Skip
Navigation

Turning a Mole Hill Into a Mountain


Parkersburg News
July 3, 1949

‘Who Says It Can’t Be Done?’ Residents of Mountain Ask

By Mary Jean Corbitt,
Staff Writer for The News

Mole Hill W. Va. is no more!

“This is the first time in all history that a mountain actually has been made out of a molehill,” Governor Patteson told the crowd of 3,000 that overflowed the small village.

Patteson, Sen. Harley M. Kilgore and Rep. Cleveland Bailey spoke from a hay wagon pulled up in front of the post office for workmen to change the sign that had read Molehill, W. Va. for 92 years to one proclaiming “Mountain, W. Va.”

Begun as a stunt to determine whether a mountain could be made out of a molehill, the life of this community was changed by the Borden radio show “County Fair.” Several weeks ago a contestant, Bob Falk, was offered $500, to get Mole Hill switched to that of Mountain.

Contacts were made with the United States Post Office department, which approved the change and the necessary signatures of the residents were obtained on a petition. All maps, road signs, post office records and other official documents were “corrected” with the result being that a “Mountain” was truly made out of a “Mole Hill!”

“Shakespeare said ‘What’s in a name?’” said Circuit Court Judge Max DeBerry of Harrisville, “but that was a long time ago, Now we know there is a lot in a name.”

The Borden’s “County Fair” program itself was officially opened with an invocation by the Rev. Manley O. Collins, pastor of the Evangelical United Brethren church.

Win Elliot, well-known master of ceremonies, then introduced the distinguished guests, including the governor who made the official proclamation.

“Through permission granted by the Post Office department, the town will now by [sic] known asMountain,” he said, and the sign declaring the new name was tacked up.

It was for the humorous Elliot, though, to make the crowd laugh. The spectators got a kick out of some of the honors the master of ceremonies made.

Elliot said the mules hitched to the hay wagon were “mighty fine looking horses.”

“Those horses come from Missouri, son,” said Senator Kilgore.

The crowd chuckled as Elliot nailed the new post office name up crooked.

“That’s the poorest carpenter I’ve ever seen,” Governor Patteson said.

In a surprise move, “the famous male quartet” featuring Governor Patteson, Senator Kilgore, Representative Bailey and Contestant Falk sang the “new city anthem.”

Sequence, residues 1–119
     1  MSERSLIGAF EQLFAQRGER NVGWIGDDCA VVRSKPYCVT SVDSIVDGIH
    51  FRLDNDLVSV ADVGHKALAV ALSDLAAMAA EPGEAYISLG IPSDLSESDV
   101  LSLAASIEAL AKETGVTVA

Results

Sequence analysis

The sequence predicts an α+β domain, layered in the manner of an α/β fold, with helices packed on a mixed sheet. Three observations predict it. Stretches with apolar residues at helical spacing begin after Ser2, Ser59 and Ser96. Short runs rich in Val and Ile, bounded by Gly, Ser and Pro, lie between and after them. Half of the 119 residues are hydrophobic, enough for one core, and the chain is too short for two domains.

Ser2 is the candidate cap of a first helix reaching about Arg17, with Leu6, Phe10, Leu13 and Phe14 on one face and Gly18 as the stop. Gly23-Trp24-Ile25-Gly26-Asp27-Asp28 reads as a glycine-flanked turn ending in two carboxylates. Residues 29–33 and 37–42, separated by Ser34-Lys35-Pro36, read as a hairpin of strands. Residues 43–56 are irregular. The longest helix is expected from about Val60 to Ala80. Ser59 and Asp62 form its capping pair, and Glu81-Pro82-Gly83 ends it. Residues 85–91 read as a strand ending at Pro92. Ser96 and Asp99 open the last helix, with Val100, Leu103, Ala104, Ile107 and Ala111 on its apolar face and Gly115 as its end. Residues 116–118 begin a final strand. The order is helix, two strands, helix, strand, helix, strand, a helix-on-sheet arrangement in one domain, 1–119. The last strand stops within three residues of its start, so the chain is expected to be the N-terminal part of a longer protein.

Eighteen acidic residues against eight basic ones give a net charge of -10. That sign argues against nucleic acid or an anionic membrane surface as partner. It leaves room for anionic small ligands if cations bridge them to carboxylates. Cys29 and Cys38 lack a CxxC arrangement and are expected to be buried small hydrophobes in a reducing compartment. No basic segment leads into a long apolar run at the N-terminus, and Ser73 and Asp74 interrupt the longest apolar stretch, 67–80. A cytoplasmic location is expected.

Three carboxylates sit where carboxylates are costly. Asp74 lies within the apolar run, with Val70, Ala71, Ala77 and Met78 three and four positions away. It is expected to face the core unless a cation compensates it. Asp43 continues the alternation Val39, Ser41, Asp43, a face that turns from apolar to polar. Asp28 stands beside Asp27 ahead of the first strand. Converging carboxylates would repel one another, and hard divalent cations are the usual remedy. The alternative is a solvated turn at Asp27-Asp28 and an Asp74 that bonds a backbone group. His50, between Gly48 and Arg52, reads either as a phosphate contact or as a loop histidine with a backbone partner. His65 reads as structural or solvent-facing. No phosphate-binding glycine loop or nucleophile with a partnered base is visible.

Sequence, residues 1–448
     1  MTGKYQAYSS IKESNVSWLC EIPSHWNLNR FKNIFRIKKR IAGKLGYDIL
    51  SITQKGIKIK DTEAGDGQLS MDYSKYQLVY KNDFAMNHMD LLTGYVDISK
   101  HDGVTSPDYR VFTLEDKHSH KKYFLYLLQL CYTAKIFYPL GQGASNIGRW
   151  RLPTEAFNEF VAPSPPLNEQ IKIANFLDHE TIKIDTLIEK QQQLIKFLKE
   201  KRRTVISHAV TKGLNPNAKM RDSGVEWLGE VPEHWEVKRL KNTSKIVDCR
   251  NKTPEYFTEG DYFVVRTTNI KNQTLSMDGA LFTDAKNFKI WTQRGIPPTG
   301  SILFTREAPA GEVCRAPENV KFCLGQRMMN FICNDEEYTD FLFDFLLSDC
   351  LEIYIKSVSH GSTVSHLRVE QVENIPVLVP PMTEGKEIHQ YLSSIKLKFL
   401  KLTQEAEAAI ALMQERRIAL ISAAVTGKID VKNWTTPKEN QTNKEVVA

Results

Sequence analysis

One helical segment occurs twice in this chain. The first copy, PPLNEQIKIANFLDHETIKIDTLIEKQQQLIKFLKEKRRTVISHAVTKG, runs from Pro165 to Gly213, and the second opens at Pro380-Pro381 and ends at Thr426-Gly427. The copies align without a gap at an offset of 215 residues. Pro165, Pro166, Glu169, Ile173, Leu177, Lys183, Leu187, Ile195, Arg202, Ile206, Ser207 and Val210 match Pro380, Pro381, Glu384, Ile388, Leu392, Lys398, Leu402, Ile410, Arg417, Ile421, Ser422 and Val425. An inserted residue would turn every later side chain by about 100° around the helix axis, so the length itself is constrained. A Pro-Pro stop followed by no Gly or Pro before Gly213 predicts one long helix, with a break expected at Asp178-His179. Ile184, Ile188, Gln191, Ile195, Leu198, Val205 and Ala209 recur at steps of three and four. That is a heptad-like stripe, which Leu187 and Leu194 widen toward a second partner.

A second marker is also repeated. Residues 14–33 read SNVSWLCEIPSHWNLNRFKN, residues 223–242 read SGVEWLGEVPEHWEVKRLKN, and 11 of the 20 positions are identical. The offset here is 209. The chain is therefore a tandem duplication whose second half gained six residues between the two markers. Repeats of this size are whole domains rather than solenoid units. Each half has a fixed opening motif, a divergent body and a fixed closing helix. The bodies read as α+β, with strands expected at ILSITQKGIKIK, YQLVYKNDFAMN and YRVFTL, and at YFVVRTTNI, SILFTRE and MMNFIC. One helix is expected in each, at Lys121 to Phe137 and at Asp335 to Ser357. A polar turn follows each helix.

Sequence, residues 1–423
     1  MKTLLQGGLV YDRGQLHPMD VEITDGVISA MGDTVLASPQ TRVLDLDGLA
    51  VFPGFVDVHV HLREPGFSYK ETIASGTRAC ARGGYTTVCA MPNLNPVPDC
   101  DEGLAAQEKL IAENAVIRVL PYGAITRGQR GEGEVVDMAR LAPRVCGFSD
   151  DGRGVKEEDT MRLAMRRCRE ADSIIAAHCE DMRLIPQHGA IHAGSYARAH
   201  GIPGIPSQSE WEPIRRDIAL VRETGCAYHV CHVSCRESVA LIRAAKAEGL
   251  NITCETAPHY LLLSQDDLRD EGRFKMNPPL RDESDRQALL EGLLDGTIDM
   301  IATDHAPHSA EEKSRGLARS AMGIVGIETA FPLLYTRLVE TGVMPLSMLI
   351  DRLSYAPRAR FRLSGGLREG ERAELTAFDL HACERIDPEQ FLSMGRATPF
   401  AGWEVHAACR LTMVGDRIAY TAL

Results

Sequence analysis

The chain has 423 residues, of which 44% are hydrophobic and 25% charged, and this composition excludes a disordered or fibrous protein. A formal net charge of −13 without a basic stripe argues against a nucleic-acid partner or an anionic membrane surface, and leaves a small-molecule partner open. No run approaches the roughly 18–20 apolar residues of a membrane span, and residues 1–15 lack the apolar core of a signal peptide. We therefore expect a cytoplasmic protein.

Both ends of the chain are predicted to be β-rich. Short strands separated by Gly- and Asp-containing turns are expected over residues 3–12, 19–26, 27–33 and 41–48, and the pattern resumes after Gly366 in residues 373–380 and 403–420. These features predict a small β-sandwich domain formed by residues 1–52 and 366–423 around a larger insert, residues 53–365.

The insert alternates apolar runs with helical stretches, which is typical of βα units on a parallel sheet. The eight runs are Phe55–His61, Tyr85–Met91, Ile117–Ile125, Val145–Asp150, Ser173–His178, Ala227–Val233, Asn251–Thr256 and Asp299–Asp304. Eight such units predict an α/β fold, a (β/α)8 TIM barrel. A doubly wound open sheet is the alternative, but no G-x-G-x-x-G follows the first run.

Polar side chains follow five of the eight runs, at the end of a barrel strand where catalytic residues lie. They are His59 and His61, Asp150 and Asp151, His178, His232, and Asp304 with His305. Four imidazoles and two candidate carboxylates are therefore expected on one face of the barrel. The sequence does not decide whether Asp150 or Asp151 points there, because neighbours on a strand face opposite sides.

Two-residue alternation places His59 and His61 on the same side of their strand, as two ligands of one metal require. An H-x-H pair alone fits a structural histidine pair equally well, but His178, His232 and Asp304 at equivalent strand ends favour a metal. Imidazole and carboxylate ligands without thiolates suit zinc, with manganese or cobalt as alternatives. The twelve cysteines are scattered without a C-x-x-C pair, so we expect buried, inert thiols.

To the tune of “She’ll be Comin’ Round the Mountain,” they sang:

“We have a mountain – it’s a West Virginia town!
“It was Mole Hill ‘til we changed the name around.
“Everyone is out and shoutin’.
“Let’s change Mole Hill into Mountain.”
“We love Mountain – it’s a West Virginia town.”

Another unexpected note was provided when the Mole Hill – or Mountain – Farm Woman’s Club was rewarded for their part in making the celebration a success. During the program Elliot presented the group with a sterling silver service set. Music by the Pennsboro high school band, a square dance featuring a set of four, a fiddler and two guitarists, and interviews with spectators completed the program.

But for the townspeople and visitors, the activities had just began. To keep them entertained the rest of the afternoon and evening, a complete county fair on a small scale and carousel had been set up.

The day’s celebration, begun with a prayer, ended with a moonlight dance and a Fourth of July fireworks display. Exploding rockets on the mountainside spelled out the town’s new name.

As a sidelight to the day’s events Senator Kilgore mailed a letter to President Truman so he would get one of the first letters postmarked from Mountain, W. Va.

Nor did this entirely wind up the activities, for to the residents and spectators, next Saturday will be a red letter day, since this is the day when the wire recording of the program will be broadcast over the entire CBS network at 1 p. m. It will be carried locally over Station WPAR.


Communities

West Virginia Archives and History